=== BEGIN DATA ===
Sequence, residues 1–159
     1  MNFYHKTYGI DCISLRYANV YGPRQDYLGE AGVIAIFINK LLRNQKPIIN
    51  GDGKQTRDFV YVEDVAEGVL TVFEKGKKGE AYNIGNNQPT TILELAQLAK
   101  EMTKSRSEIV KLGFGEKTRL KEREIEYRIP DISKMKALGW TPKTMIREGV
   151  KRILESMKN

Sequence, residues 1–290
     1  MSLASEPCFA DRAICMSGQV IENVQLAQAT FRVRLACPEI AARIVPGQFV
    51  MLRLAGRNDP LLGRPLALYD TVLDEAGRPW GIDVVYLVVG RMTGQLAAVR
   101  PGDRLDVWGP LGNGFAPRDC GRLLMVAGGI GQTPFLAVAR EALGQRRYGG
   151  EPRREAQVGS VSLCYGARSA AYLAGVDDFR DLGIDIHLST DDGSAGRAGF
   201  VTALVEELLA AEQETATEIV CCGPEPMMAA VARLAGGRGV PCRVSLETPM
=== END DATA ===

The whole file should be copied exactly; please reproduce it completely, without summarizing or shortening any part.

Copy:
Sequence, residues 1–159
     1  MNFYHKTYGI DCISLRYANV YGPRQDYLGE AGVIAIFINK LLRNQKPIIN
    51  GDGKQTRDFV YVEDVAEGVL TVFEKGKKGE AYNIGNNQPT TILELAQLAK
   101  EMTKSRSEIV KLGFGEKTRL KEREIEYRIP DISKMKALGW TPKTMIREGV
   151  KRILESMKN

Sequence, residues 1–290
     1  MSLASEPCFA DRAICMSGQV IENVQLAQAT FRVRLACPEI AARIVPGQFV
    51  MLRLAGRNDP LLGRPLALYD TVLDEAGRPW GIDVVYLVVG RMTGQLAAVR
   101  PGDRLDVWGP LGNGFAPRDC GRLLMVAGGI GQTPFLAVAR EALGQRRYGG
   151  EPRREAQVGS VSLCYGARSA AYLAGVDDFR DLGIDIHLST DDGSAGRAGF
   201  VTALVEELLA AEQETATEIV CCGPEPMMAA VARLAGGRGV PCRVSLETPM